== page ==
Prior to my arrival at the trench collapse, a local volunteer rescue service called to inform me that they could make their TLB available if needed. This was the safest option as the trapped person had about one metre of soil above him and there was no easy way to remove it other than trying to push it into a hole that we would dig next to him. The floating wall also needed to be removed and it would be unsafe to do this manually. We started by placing a ladder in front of the cavity that the patient was in and then placed a two metre by four metre plank in front of the ladder. This allowed us to communicate with the patient as well as protect him from any falling debris while we were digging. It also allowed us to remove the plank quickly and assess the patient at any time. We decided to start excavating approximately six metres away from the patient opposite the floating wall, digging down to a depth of about three and a half metres and carefully pulling the floating wall away from the patient and into the newly excavated hole. Lifting the floating wall or manually breaking it would inevitably cause the soil to fall into the already small cavity that was around the patient’s head. When we initially moved the TLB closer, the soil was carefully monitored for any movement caused by the vibration of the TLB. Fortunately, due to the nature of the soil, it was quite stable and there was little to no movement. After digging to a depth of approximately four metres, we successfully managed to pull the floating wall into the excavated hole and begin to carefully pull the soil that was about one and a half metres away from the patient

When the patient was fully visible from the waist upwards, we began digging approximately 30 centimetres next to him and then manually, with our hands, pulling the soil from his legs. This was a lengthy process that took about four and a half hours from when we began digging with the TLB to the freeing of the patient. It was an extremely delicate procedure, hence it took so long. Patient treatment was ongoing and included placing the patient on 40 percent oxygen. A 1 000ml Ringers solution with a 15 dropper and 16G Jelco was inserted. A secondary survey was done on the patient. He had no neurological fallout and was able to communicate with us clearly and concisely. He told us that he was not injured, only entrapped. The patient was not complaining of any pain in the beginning but was extremely anxious and was given an initial dose of 5mg Valium. Later the patient was given 4mg of morphine for pain as he was trapped in an awkward position and was also complaining of compression around the lower right leg. After about two hours the patient was given another 5mg of Valium as he started to panic from the sound of the TLB moving closer towards him. Once the patient was free, he was placed on a trauma board and strapped into a Stokes basket. He was then lifted out of the trench and transported to hospital. He was given another 2mg of morphine en route as he complained about pain in his right leg. The patient was discharged the next day. A big thank you to eThekwini Fire Department, ER24 and Netcare911 for assisting in the rescue and especially a big thank you needs to go to Rescue Tech for supplying the TLB. Volume 4 | No 6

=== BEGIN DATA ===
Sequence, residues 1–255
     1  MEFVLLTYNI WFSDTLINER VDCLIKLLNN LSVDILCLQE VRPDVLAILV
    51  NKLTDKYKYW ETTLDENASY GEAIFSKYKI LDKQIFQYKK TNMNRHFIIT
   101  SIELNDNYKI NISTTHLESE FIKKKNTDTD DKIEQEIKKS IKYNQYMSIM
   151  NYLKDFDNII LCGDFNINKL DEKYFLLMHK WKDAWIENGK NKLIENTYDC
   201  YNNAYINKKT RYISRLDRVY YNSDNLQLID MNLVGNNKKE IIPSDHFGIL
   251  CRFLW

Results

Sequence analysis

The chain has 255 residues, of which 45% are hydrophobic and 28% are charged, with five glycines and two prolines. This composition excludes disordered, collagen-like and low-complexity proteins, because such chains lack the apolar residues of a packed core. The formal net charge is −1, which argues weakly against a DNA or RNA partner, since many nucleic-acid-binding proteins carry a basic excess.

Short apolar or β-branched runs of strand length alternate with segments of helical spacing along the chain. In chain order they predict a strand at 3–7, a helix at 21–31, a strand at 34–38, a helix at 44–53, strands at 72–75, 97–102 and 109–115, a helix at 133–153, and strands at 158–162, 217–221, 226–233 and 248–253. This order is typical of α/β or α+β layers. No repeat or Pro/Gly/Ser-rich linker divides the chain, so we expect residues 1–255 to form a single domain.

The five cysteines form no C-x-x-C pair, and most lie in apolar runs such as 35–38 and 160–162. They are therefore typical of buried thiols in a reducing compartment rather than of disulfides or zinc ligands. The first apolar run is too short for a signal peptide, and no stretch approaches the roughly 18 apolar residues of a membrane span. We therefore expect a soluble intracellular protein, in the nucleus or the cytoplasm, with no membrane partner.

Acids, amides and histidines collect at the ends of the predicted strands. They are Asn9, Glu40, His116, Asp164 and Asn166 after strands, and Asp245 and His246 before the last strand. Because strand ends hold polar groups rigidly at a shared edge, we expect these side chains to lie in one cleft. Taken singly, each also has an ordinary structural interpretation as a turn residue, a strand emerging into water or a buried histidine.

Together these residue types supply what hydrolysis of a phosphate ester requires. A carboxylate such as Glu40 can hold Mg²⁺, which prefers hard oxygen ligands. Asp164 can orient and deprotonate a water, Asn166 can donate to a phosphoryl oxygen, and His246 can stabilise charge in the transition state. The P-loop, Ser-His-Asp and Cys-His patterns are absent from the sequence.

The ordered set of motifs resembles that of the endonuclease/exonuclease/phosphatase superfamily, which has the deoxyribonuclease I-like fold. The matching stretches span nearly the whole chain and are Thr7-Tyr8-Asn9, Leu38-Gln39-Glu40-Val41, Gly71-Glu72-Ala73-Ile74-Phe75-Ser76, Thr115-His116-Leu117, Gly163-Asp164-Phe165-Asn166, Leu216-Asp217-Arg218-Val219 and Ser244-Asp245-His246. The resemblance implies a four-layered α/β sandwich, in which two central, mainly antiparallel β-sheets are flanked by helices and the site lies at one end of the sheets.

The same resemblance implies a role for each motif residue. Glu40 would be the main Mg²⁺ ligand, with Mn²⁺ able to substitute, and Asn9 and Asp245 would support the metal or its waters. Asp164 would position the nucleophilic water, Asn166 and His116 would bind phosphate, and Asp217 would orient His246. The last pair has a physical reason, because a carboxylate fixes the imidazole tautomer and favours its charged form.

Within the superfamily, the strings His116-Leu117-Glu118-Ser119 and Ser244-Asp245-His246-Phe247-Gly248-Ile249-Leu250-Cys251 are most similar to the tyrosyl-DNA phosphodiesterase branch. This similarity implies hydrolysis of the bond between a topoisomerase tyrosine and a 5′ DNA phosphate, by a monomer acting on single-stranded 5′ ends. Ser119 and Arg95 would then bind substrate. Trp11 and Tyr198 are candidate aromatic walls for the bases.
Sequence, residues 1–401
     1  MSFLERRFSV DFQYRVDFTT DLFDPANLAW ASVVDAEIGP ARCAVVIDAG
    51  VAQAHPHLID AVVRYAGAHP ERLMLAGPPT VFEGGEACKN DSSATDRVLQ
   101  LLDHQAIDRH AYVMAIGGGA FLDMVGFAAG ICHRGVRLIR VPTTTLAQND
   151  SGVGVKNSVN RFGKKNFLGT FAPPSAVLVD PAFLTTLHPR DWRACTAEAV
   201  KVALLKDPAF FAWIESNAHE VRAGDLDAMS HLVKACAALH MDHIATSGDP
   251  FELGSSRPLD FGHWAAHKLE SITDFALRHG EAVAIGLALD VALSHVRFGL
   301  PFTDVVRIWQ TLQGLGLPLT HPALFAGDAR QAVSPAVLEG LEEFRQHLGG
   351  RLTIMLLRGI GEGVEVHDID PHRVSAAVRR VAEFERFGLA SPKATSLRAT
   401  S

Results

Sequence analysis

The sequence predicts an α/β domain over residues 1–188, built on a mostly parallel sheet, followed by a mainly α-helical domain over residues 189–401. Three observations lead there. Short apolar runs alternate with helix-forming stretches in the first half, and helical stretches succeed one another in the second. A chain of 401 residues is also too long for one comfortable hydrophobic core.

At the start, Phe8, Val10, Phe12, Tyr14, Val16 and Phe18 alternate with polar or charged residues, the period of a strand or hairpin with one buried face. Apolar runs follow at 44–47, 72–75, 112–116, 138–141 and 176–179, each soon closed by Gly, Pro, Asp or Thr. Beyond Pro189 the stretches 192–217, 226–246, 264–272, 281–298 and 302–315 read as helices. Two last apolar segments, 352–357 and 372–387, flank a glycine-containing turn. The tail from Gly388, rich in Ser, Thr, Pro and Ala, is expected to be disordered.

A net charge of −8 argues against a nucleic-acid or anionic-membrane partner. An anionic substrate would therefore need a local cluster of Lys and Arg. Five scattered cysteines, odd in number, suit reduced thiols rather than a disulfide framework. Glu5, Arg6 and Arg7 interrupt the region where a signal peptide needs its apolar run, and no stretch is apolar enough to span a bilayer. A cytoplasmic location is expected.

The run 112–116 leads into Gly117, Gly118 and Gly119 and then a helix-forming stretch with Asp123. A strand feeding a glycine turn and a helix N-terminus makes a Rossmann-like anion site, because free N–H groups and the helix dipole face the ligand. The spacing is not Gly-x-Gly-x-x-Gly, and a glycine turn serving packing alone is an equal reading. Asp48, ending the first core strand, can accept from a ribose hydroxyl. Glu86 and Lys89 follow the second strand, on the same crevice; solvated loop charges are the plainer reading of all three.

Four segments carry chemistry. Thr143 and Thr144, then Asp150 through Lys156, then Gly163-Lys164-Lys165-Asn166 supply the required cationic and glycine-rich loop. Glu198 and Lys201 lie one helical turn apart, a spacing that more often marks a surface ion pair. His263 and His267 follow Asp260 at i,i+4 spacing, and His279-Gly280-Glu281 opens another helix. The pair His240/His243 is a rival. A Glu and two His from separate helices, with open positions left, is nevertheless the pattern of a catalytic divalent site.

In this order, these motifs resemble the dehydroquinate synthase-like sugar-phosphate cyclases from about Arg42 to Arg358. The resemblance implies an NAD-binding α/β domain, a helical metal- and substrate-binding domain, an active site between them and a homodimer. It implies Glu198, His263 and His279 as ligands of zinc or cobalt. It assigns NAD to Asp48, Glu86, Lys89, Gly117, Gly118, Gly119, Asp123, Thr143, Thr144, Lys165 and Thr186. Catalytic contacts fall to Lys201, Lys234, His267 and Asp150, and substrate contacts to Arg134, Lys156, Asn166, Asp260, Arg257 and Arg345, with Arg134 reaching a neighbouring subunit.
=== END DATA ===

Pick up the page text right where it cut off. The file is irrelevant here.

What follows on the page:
Rescue roundup

Heavy vehicle extrications By Neville van Rensburg and Julius Fleischman, World Rescue Organisation (WRO) assessors and members

T

he current status of rail transport in South Africa results in more heavy commercial vehicles being used for road transportation of goods and dangerous goods than in the past ensuing in an increase of heavy vehicle accidents. Heavy commercial vehicles’ new technology design is much more modern and more advanced and these vehicles also travel much faster than ever before. In order to be able to execute an effective extrication, a good basic knowledge of heavy commercial vehicle systems and their anatomy is essential for any rescuer attending an accident. Heavy commercial vehicles present us with quite a different challenge and we need to stay abreast to meet this challenge. Any heavy vehicle that has a special or unique design as to what

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it does makes it a specialty truck. When we talk about heavy vehicle rescue, most think about the normal long distance trucks. We must also consider the specialty trucks as these can present

a more complex extrication than the large and heavy articulated trucks. These vehicles carry all types of cargo such as hazardous chemicals and gas, cement, agricultural products etc.

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Rescue roundup In South Africa, trucks are involved in approximately one out of every eight motor vehicle accidents.

or containers, goosenecks, closed box trailer for general cargo and tankers for hauling fuels or chemicals.

Cabs The cabs of many trucks are framed with structural steel work. A heavy gauge rolled-steel channel may run within the confines of the window screen pillar, bulkhead, door posts and rib at the rear of the cab.

Specialty vehicles Specialty vehicles are designed for a specific purpose. Some examples of these types of trucks would be concrete trucks, dump trucks and grain and vehicle transports.